PhD Proposal by Yung Suk "Jeremy" Yoo

Event Details
  • Date/Time:
    • Tuesday April 10, 2018
      10:00 am - 12:00 pm
  • Location: MRDC 3515
  • Phone:
  • URL:
  • Email:
  • Fee(s):
    N/A
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Summaries

Summary Sentence: “Effects of constituent particles and dispersoids on heterogeneous deformation of AA 6XXX alloys”

Full Summary: No summary paragraph submitted.

THE SCHOOL OF MATERIALS SCIENCE AND ENGINEERING

 

GEORGIA INSTITUTE OF TECHNOLOGY

 

Under the provisions of the regulations for the degree

DOCTOR OF PHILOSOPHY

on Tuesday, April 10, 2018

10:00 AM
in MRDC 3515

 

will be held the

 

DISSERTATION PROPOSAL DEFENSE

for

 

Yung Suk "Jeremy" Yoo

 

“Effects of constituent particles and dispersoids on heterogeneous deformation of AA 6XXX alloys”

 

Committee Members:

 

Prof. Josh Kacher, Advisor, MSE

Prof. Christopher Muhlstein, MSE

Prof. Richard Neu, MSE

Prof. Olivier Pierron, ME

Dr. Sazol Das, Novelis Inc.

 

Abstract:

 

Aluminum alloys are becoming more important as the world strives for more environmentally friendly and fuel-efficient products. For example, the aviation and automotive industries capitalize on aluminum’s high strength-to-weight ratio to manufacture lighter and therefore more efficient aircrafts and vehicles. Aluminum’s versatility stems from being compatible with a wide variety of alloying elements and heat treatments that can tailor these properties to meet the service requirements. Naturally, these alloys will have complex microstructures that will deform heterogeneously under different loading conditions. To safely incorporate aluminum alloys into these products, it is imperative to understand how secondary phases influence how damage accumulates in the material and lead to ductile failure.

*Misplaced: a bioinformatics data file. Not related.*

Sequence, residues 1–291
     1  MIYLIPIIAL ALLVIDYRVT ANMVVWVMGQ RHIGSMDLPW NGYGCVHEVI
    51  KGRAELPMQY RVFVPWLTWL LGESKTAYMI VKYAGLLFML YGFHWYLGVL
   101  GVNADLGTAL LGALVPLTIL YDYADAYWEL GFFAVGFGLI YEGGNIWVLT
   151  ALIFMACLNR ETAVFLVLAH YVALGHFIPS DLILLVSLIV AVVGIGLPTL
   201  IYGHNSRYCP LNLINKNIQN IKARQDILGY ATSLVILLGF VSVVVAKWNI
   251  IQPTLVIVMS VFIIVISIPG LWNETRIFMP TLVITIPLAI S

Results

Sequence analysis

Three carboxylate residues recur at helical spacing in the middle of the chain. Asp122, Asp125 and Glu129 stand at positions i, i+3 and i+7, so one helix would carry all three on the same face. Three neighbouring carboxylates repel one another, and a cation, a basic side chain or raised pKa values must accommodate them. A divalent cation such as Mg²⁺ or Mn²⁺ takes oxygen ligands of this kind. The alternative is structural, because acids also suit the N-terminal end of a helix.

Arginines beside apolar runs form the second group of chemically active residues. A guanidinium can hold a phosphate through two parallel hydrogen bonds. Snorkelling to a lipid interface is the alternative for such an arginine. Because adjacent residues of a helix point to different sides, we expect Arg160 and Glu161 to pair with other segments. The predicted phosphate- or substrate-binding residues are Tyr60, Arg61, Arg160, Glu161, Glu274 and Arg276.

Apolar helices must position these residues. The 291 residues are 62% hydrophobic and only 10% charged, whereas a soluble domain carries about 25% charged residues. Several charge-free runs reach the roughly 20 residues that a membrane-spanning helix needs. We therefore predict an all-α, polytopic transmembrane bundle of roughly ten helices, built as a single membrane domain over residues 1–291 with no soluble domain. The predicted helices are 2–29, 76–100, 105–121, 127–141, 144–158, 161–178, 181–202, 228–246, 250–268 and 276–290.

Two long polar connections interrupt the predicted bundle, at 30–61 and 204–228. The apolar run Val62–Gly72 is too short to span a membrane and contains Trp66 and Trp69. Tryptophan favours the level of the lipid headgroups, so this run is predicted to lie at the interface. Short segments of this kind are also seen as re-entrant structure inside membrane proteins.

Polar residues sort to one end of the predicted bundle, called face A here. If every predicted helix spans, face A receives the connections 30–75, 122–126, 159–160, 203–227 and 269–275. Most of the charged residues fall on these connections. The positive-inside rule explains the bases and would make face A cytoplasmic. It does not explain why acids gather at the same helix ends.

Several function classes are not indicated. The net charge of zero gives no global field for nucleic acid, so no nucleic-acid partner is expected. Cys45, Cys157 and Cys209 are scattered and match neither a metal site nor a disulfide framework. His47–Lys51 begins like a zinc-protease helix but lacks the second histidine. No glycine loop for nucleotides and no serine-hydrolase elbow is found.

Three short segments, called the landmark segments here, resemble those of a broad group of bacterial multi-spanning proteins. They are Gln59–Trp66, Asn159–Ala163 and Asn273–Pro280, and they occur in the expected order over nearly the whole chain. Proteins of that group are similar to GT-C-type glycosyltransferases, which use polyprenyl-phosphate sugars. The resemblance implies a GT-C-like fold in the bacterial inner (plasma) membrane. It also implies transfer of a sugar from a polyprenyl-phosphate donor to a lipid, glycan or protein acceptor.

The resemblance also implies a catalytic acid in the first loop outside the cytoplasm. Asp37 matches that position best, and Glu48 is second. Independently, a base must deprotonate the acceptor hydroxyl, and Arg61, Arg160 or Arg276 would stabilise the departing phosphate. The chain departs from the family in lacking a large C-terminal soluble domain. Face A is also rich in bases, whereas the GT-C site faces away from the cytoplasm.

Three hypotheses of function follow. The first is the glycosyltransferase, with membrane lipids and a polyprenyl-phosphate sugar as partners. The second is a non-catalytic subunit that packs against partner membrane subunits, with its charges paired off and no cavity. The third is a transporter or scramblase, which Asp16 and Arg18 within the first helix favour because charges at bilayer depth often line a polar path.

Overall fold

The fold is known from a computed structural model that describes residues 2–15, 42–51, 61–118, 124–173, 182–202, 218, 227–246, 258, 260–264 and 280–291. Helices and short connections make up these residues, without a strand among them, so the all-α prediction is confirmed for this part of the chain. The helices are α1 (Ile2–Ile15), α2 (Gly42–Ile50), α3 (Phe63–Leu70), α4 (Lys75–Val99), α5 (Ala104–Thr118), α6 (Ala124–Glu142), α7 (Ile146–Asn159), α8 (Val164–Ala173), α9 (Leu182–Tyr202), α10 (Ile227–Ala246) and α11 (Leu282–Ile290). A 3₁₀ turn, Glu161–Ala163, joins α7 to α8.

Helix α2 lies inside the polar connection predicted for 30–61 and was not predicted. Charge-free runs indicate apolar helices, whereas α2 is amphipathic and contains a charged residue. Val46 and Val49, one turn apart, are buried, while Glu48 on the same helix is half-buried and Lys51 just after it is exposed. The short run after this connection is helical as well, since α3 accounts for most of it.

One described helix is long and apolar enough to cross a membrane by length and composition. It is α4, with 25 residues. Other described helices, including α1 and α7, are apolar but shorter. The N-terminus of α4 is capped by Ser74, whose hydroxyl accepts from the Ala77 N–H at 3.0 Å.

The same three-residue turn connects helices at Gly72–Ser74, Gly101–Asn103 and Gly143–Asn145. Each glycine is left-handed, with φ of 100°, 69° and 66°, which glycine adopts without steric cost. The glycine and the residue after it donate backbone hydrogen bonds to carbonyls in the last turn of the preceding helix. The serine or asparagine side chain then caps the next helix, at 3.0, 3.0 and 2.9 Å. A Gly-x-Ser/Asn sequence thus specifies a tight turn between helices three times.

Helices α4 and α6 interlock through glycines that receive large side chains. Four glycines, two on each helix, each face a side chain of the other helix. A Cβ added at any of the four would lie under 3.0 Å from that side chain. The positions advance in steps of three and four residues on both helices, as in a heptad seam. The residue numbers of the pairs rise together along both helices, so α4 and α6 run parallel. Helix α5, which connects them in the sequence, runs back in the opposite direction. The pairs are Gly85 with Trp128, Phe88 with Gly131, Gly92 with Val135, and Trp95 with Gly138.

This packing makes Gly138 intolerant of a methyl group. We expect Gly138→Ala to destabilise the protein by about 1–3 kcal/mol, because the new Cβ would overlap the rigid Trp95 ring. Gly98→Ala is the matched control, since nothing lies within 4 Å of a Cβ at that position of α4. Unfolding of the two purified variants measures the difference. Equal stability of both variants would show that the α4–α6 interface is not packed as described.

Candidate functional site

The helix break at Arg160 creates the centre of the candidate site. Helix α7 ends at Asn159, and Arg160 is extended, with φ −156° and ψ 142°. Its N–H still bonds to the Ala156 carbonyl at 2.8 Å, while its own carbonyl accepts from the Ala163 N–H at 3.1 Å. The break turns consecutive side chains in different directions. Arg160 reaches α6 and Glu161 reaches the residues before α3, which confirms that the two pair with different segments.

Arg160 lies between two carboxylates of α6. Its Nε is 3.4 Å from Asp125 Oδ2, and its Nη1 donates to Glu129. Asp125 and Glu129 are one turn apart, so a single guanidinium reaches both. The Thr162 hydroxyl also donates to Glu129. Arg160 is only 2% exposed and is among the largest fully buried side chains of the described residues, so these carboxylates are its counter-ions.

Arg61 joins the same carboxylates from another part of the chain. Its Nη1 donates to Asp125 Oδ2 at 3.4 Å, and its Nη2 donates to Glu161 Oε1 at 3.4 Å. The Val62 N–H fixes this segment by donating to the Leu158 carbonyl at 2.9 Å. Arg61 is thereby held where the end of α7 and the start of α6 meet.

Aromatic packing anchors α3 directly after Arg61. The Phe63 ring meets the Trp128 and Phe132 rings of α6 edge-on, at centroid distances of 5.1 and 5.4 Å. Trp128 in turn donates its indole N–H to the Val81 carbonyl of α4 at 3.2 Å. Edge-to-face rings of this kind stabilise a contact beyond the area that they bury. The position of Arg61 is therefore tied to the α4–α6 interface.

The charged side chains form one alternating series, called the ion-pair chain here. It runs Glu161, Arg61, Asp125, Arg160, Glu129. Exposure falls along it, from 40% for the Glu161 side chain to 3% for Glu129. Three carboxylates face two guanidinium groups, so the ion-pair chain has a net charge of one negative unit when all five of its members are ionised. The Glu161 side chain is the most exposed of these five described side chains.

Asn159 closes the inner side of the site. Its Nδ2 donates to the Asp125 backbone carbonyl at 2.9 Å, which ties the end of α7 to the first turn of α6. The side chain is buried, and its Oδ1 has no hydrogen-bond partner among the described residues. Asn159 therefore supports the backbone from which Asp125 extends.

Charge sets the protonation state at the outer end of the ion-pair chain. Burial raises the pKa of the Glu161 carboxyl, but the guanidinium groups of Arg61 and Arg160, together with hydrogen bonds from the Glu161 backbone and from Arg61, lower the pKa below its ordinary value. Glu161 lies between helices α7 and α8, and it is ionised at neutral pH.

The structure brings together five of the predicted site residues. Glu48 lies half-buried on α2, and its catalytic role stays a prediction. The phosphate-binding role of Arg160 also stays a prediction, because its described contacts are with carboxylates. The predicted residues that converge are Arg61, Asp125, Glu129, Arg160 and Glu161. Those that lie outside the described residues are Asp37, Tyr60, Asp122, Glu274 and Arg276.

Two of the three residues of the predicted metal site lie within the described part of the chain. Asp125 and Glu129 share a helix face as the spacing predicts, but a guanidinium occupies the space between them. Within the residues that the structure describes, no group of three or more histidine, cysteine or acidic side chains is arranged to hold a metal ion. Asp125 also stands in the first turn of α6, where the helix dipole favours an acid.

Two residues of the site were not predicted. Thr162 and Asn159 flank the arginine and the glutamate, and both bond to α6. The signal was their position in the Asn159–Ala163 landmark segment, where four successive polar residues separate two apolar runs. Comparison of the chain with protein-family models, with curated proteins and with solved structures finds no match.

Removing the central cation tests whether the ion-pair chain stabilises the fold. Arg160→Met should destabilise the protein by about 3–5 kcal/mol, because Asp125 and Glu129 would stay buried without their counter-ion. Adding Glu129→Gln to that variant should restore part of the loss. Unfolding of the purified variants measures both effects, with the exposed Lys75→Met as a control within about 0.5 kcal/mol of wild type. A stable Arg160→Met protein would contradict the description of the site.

This research will use electron microscopy techniques to understand the effects of constituent particles and dispersoids on the deformation behavior of AA 6061 and 6451. This study will employ multiscale electron microscopy techniques ranging from mesoscale in-situ EBSD and DIC to microscale site-specific high angular resolution EBSD (HREBSD) and TEM. The effects of different secondary phase particles on the strain localization and dislocation accumulation behavior will be quantified using mesoscale EBSD data and DIC. Ultimately, this study will elucidate how these localized damage buildup initiates ductile failure in AA 6XXX alloys.

Additional Information

In Campus Calendar
No
Groups

Graduate Studies

Invited Audience
Faculty/Staff, Public, Graduate students, Undergraduate students
Categories
Other/Miscellaneous
Keywords
Phd proposal
Status
  • Created By: Tatianna Richardson
  • Workflow Status: Published
  • Created On: Mar 27, 2018 - 11:45am
  • Last Updated: Mar 27, 2018 - 11:45am